Food Prep

What's really behind Miami restaurants’ cockroach problem?

Cockroaches are invading Miami's restaurants.

Cockroaches are invading Miami's restaurants.  (iStock)

Restaurants in Miami are battling a pesky problem: cockroaches.

Lots and lots of cockroaches.

According to Vice, more than 41 restaurants in the city have been cited for roach infestations in the past month alone. Out of the 41 cited by officials, eight eateries were subjected to immediate emergency shutdown orders.

That follows a previous round of citations and closings when 31 restaurants in Miami were cited for roaches at the end of January. Two restaurants were shut down during that time period.

Of those reviewed and cited, Ventura Restaurant was reported to be the most severely infested, with inspectors discovering “approximately 100 live roaches walking on plates stored on (a) shelve by three-compartment sink in the kitchen area.”

According to the Miami Herald, “Catering to Kids,” which specializes in food for the younger set, was caught multiple times with the bugs. They were closed on Feb. 17 after “approximately 35 live roaches” were found. Those cockroaches were discovered on the kitchen floor, underneath sinks, inside an oven and behind a table used for food prep.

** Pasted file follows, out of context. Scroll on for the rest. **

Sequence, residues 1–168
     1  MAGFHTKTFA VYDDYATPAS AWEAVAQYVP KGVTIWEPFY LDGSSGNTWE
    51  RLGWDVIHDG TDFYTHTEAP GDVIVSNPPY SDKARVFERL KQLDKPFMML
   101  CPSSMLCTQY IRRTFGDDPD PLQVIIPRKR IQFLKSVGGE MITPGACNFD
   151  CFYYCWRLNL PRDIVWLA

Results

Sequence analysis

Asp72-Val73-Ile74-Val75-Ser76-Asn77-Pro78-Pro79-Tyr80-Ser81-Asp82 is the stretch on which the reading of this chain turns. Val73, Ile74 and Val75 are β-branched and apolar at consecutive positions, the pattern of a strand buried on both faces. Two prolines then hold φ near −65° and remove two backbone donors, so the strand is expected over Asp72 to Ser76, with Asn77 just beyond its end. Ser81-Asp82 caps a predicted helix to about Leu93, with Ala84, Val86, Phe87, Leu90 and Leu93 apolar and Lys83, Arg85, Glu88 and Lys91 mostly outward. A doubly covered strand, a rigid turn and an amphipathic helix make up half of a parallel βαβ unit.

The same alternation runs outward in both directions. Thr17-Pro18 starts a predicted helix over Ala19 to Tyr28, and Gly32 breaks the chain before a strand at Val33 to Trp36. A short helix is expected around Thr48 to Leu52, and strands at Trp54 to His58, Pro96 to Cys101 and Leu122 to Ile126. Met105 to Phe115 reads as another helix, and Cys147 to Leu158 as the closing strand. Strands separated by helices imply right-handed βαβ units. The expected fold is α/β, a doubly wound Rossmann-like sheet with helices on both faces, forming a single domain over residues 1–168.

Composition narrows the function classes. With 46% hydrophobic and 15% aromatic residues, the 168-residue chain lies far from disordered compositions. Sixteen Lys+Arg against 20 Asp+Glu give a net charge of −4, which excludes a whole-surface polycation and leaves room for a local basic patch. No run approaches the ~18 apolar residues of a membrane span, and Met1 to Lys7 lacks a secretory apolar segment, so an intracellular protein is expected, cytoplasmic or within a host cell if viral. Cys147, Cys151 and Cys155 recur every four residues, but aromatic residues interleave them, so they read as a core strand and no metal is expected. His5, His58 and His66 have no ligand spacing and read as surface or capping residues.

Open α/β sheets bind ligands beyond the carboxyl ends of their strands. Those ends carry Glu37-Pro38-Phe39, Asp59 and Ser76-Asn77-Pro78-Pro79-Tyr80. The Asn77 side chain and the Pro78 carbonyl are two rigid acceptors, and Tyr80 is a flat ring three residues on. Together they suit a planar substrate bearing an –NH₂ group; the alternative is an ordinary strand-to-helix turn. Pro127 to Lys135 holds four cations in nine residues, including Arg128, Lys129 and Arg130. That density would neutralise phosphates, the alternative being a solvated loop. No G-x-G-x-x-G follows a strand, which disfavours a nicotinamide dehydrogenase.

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Despite the closing, however, roach activity was discovered in subsequent restaurant checks on Feb. 19, 20 and 21.

And at North Miami Beach’s Island Delight Pizzeria, the cockroaches were literally climbing the walls.

According to The Florida Division of Hotels and Restaurants Department of Business and Professional Regulation inspectors, the establishment had “approximately 40 to 50 live roaches" on a wall over a preparation table and five roaches crawling on another wall inside the kitchen.

According to Nation’s Restaurant News, German cockroaches are the most likely to be found in restaurants. One German cockroach female’s egg case can hold up to 40 eggs, which can be hatched within a month. The roaches then reproduce within six weeks. 

Despite the proliferation of bugs, officials have yet to determine the cause of the widespread roach infestation though the Miami Herald reported in January that Miami-Dade and Broward rank third in the nation in terms of number of roaches due mostly to the hot, humid climate and dense population.